Editor's note: This is the 89th in a series of articles recalling vanished Huntington landmarks.
HUNTINGTON - In the late 1890s, a group of local businessmen purchased land just west of Huntington and developed a new town, Central City. From its birth, the new community worked hard at attracting industry. One of the factories that thrived in Central City was the Huntington Tumbler Co.
Huntington Tumbler began as the West Virginia Flint Bottle Co., established in 1893 on 15th Street West between Madison and Jefferson avenues. It manufactured glass bottles and fruit jars. An article in the Huntington Advertiser of Aug. 20, 1895, reported that several glass blowers and molders had arrived from Martins Ferry and Wheeling to work at the new factory. An 1896 newspaper article said the factory had a capital stock of $100,000.
After a couple of owners, the factory was sold to Anton Zihlman in 1900. Zihlman had learned the glass industry in Germany and had come to Central City by way of Bellaire, Ohio, and Cumberland, Maryland.
The West Virginia Flint Bottle Co. was renamed Huntington Tumbler in 1904. In addition to tumblers, the company manufactured barware, stemware and cut glass. Much of the company's glassware was etched with intricate and fanciful designs.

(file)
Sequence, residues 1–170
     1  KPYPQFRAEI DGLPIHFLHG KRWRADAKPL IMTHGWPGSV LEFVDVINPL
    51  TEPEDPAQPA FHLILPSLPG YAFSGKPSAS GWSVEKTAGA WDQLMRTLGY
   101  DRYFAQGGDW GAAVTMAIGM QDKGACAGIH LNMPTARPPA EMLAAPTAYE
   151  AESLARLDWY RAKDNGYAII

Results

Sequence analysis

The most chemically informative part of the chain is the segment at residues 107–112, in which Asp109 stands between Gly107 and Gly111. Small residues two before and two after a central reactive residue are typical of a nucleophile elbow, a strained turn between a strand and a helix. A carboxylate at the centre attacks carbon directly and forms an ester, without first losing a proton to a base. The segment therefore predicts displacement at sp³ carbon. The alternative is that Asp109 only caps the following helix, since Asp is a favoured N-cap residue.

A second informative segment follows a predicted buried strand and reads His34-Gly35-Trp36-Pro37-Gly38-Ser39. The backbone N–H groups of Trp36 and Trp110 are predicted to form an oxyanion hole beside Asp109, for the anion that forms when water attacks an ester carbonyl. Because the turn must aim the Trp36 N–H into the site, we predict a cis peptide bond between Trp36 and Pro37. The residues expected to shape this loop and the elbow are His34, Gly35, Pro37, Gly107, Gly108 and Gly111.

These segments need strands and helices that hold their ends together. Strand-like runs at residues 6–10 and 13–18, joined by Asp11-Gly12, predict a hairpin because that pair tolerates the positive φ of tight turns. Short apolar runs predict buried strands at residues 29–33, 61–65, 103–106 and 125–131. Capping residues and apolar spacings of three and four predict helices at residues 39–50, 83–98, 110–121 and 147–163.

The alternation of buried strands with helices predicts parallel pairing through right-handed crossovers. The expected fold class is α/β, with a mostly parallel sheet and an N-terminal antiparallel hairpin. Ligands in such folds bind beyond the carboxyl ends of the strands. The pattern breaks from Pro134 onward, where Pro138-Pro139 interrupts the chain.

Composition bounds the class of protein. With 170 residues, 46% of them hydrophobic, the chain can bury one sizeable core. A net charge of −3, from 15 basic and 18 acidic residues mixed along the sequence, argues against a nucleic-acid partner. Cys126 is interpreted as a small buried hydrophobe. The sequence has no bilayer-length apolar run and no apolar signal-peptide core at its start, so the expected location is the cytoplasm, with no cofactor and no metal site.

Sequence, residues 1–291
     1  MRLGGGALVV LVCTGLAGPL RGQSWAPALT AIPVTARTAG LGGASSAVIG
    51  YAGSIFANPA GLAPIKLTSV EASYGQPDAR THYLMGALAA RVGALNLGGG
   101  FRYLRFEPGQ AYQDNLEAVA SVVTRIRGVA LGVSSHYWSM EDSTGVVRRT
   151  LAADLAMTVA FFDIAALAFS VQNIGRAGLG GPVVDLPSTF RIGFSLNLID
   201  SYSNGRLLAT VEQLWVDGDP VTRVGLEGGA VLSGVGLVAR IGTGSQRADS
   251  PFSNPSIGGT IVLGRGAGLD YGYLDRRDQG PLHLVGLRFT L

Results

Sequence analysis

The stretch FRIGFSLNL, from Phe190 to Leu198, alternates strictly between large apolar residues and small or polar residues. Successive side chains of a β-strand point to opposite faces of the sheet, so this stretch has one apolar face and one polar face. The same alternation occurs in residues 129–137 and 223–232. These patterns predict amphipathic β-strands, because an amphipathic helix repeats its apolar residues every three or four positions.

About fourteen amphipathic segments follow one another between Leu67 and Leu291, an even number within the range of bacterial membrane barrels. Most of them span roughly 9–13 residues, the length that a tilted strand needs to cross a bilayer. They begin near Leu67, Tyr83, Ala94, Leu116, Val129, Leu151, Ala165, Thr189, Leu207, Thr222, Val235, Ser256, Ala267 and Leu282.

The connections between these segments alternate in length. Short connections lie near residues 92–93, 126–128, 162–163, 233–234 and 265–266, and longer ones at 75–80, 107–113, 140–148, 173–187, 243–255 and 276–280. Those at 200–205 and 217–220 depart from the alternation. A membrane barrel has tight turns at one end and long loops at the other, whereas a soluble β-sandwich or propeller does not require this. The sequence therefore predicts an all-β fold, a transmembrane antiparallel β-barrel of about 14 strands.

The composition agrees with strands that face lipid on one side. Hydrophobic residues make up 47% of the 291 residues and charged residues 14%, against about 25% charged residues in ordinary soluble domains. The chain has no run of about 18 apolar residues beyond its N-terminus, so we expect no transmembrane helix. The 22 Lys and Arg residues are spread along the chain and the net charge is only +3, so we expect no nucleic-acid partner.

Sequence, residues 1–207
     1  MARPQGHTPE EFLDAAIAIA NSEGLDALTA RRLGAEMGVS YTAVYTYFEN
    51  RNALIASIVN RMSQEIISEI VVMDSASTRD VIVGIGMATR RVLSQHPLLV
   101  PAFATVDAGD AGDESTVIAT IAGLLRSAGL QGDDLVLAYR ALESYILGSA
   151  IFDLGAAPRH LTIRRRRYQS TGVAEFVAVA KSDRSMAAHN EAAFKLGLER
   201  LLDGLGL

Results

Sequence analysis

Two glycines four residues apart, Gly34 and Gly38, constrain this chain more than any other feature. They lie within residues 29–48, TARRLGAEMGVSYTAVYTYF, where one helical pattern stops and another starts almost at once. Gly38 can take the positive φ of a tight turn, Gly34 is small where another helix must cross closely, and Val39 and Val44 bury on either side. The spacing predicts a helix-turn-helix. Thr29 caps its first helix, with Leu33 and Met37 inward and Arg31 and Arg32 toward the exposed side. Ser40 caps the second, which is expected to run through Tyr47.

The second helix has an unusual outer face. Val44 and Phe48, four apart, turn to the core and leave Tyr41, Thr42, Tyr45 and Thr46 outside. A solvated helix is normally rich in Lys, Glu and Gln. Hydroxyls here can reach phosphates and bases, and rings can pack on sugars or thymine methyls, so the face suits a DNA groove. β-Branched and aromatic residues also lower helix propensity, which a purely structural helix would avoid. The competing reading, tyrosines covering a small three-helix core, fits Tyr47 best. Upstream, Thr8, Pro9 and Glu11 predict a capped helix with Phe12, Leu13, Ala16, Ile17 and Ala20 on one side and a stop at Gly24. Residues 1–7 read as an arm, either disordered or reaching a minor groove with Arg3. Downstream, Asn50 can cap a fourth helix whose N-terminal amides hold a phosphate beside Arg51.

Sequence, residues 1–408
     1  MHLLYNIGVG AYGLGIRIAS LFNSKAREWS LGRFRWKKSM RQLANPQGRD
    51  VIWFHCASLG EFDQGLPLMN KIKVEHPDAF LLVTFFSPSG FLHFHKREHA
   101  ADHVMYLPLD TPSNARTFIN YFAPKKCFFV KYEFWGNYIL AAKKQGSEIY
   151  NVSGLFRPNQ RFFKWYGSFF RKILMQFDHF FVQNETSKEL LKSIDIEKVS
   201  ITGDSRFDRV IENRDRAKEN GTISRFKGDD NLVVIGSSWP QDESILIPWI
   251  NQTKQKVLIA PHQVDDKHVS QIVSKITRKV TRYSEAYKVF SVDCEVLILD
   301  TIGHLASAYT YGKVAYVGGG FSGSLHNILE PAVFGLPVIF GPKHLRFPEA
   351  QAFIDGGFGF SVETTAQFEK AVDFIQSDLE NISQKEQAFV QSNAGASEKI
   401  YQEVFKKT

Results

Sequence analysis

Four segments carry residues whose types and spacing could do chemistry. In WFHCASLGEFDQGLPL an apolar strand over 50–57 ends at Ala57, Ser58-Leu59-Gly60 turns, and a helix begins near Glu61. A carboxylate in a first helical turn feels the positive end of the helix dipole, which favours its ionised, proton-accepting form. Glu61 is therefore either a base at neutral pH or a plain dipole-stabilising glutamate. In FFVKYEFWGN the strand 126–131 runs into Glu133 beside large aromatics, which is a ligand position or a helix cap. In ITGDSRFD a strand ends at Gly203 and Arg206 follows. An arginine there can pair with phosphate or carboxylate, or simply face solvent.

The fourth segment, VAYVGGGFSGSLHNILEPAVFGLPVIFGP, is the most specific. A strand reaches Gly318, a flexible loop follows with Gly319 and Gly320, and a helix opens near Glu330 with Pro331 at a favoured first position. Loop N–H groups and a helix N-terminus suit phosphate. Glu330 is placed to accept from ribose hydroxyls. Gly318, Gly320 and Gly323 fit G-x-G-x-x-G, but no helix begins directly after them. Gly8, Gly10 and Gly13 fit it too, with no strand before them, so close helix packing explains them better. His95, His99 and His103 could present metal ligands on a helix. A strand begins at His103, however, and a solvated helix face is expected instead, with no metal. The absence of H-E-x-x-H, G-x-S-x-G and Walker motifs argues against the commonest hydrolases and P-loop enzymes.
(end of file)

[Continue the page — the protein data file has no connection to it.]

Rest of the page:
The fires in the plant's glass furnaces were kept burning with huge quantities of coal from the Pearl Mining Co. at Dingess, West Virginia, shipped via the Norfolk & Western Railway. At its peak of production, Huntington Tumbler employed 150 workers. It wasn't unusual for a family to have several members working at the factory in various jobs.
In the 1920s, the company expanded its product line to include glass vases and even candlesticks. A 1928 advertisement in "China, Glass and "Lamps" magazine promoted the company's "New and Snappy Items" in "High Grade Lead Blown Table Glassware.
Like many other factories, Huntington Tumbler was a casualty of the Great Depression. It closed in 1932.